So, you’re going to a BAP…

Well, actually, the chances are you’re not – you’re probably just a regular reader of this blog who has absolutely no intention of ever putting themselves forward for ordination in the Church of England. [Wait, are you confused as to why I’m talking about BAPs? This explains it all.] However, this post is primarily for the benefit of at least four people I’m acquainted with who I know are going to BAPs imminently. Plus, there’s always the chance that the odd candidate might approach Google for help.

Whitby AbbeyThe graveyard at Whitby. This image is becoming my default ‘card to send to BAP candidate’ image…

True, when you’re selected for a BAP, the CofE sends you a helpful booklet entitled ‘Going to a Bishops’ Advisory Panel’, which explains the processes and procedures (if you’re interested, you can find a copy here). But, there are plenty of things that you could do with knowing that neither it nor your DDO (Diocesan Director of Ordinands, aka the person who you meet with regularly who supervises your progress through the selection process) tells you, so these are some of my tips. One day, I might write an entire book of such hints – I’d like to call it The Irreverent Guide to Becoming a Reverend – or maybe the Church Times would like a new regular columnist…?

My DDO was terribly thorough in her BAP preparation, which was very useful – we even had a helpful clothing chat. [This can be summarised as: no suits; smart-casual; be comfortable. Basically, wear what makes you feel good, but be sensible.] One of her best pieces of advice was that I should take ‘comforting’ things with me – like a Teddy Bear, a favourite book and some nice food. I translated this as:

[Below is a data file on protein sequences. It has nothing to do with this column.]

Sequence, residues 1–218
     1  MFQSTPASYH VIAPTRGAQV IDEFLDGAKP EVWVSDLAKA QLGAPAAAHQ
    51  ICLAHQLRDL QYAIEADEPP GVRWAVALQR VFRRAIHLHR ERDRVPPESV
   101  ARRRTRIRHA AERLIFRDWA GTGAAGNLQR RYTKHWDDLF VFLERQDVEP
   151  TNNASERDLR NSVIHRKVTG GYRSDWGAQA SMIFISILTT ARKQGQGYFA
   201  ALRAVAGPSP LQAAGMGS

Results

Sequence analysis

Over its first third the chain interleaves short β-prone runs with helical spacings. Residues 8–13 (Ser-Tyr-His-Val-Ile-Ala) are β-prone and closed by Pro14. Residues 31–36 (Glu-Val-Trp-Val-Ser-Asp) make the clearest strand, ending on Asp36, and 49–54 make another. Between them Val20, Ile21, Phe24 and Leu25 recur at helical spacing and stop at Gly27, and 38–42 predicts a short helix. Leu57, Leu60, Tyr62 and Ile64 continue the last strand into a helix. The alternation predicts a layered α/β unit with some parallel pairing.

• Comfort viewing – specifically Gilmore Girls Season 4. Do not underestimate the power of the box set. BAPs involve long periods of time in your room and it’s nice to have background noise and something to get engrossed in to take your mind off everything else.
  • A cosy cardi – partly in case it was cold, partly so I could curl up in it.
  • Green & Blacks chocolate – self-explanatory.
  • G&T in a can – for emergency situations only. In fact, I ended up drinking it on the train home because I hadn’t needed it.
Beforehand, lots of people will (hopefully) give you advice, pray for you and send you nice (or comedy) cards. If you know someone going to a BAP, look up the address of their centre (it’s either Ely or Shallowford, so not tricky to find) and send a card to them that they’ll get on arrival – it’s a nice touch. Amongst my cards, I had a letter of advice from my Dad which included a few gems:
  • “Do be yourself…” “Do show your humorous side…”
  • “Don’t get into an argument! Do keep calm at all times.”
  • “Don’t dominate a discussion… As Karen was told in Outnumbered, ‘treat everyone with respect – even idiots’.”

[I feel I should clarify that my Dad wasn’t suggesting that I would get into an argument – just that he’d heard of it happening. He was suggesting that I might dominate a discussion and it’s not the first time he’s compared me to Karen from Outnumbered.]

Once you’re actually at the BAP, the important thing to remember is that everyone is in the same boat. Don’t let yourself get psyched out by the people who already seem to be behaving like vicars (unless they’re one of the advisors). It’s a little bit like Freshers Week at uni – everyone will ask you the same questions and you’ll spend a lot of time having the same conversations, and you’ll be offered endless cups of tea.